The news wires are afire this morning because Alistair Barr of Reatuers is reporting that Morgan Stanley, JP Morgan, and Goldman Sachs, the lead underwriters on the Facebook IPO, all cut earnings forecasts for social network giant during the IPO roadshow. Even worse, the banks then allegedly passed this information on to only a handful of huge institutional clients, while continuing to hawk the stock to everyone else on the old terms.
How did someone, somewhere, in the underwriting syndicate not realize this was reputation-damage level behavior? A lot of people are discussing the fact that to withhold material information, and then selectively disseminate it to a handful of insiders, warrants SEC involvement and, possibly, prison sentences. I agree.
[mainbodyad]Do the investment banks really not understand that their very existence is a point of public contention because they are no longer seen as facilitators of capital raising and nation building, but ponzi operators overseeing transfer mechanisms? That is the perception on Main Street, fair or not. For the sake of one deal, and a handful of fees, some of the formerly great investment banks have permanently tarnished their reputation. This is the opposite of how Goldman Sachs behaved during the Great Depression, taking huge losses to protect its clients.
I’m a self-made, dyed-in-the-wool Coca-Cola Capitalist-with-a-capital-“c” who has no problem with income inequality provided it is part of a meritocracy and not the result of genetic dynasties, and even I have made no secret of the fact that I think the Facebook IPO was structured in a way that the offering banks should be sued into oblivion. To paraphrase one of my favorite academics, we would never tolerate a manufacturing company that would put a toaster on the market that had a high risk of blowing up, yet we allow financial institutions to continually create products that have the equivalent financial risk, solely because the latter have huge lobbies in Washington and essentially write their own legislation.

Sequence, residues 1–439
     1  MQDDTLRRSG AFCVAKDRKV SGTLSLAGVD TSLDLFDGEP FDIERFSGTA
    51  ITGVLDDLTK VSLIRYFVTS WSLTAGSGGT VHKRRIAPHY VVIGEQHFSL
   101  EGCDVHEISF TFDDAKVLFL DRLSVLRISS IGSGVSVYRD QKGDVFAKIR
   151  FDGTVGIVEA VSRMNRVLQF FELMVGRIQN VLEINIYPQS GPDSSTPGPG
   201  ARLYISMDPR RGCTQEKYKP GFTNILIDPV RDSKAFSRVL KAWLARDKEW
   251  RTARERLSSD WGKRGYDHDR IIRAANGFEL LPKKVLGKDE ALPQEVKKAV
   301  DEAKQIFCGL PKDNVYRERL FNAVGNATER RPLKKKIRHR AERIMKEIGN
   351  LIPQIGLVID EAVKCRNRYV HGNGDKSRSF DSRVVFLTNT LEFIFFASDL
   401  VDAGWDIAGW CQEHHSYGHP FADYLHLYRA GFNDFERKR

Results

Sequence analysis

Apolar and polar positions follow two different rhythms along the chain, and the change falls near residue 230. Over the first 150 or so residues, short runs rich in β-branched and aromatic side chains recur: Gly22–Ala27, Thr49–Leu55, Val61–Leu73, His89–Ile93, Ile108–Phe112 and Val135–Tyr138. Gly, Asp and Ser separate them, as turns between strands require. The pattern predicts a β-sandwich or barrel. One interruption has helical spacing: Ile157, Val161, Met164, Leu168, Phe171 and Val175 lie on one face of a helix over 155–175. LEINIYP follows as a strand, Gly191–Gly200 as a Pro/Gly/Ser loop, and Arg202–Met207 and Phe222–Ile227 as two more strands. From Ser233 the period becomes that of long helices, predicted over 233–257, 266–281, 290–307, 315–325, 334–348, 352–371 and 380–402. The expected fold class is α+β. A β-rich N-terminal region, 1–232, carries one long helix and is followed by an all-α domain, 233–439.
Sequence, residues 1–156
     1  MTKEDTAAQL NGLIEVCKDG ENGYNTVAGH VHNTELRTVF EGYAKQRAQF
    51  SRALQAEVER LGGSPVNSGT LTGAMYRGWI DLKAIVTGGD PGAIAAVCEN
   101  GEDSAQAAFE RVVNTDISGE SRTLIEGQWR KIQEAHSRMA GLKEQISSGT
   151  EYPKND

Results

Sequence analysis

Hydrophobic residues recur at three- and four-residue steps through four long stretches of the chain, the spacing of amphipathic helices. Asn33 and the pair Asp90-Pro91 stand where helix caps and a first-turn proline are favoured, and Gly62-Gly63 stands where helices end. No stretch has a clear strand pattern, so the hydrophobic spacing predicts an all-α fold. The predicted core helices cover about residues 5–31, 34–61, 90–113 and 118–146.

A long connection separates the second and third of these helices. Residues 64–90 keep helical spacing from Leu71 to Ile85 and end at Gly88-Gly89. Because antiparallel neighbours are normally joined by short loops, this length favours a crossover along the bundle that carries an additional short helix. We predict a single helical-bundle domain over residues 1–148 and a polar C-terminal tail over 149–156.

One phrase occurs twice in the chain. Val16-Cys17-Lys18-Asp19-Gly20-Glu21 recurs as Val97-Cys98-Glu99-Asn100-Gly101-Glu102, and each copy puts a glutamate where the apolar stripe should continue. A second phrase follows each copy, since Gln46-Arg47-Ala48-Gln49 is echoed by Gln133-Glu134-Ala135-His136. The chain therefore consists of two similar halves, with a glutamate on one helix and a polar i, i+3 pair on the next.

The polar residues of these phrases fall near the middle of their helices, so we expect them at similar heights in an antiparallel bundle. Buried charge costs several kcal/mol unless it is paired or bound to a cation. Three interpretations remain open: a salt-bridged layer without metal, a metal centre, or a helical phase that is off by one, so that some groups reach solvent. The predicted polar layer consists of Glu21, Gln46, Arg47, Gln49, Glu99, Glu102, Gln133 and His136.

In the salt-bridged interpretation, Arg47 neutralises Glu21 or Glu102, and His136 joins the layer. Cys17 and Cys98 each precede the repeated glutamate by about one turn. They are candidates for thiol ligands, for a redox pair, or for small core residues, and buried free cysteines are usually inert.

The investment banks need to go back to the partnership structure that worked for the 20th century. The partners make a lot of money, but they are on the hook for their entire family’s net worth, or at least an enormous portion of it, if the investment bank implodes. That kind of till-financial-death-do-us-part arrangement results in a cadre of partners walking around the office who care, on a deeply personal level, about the bank beyond the current deal on the table.
That, and the return of the Glass-Steagall Act to separate deposit-taking activities from investment banking operations, are some of the first things that need to happen if we are going to learn any lessons from the credit crisis.
Image of Morgan Stanley headquarters from Americasroof and used under Creative Commons Attribution-Share Alike 3.0 Unported license.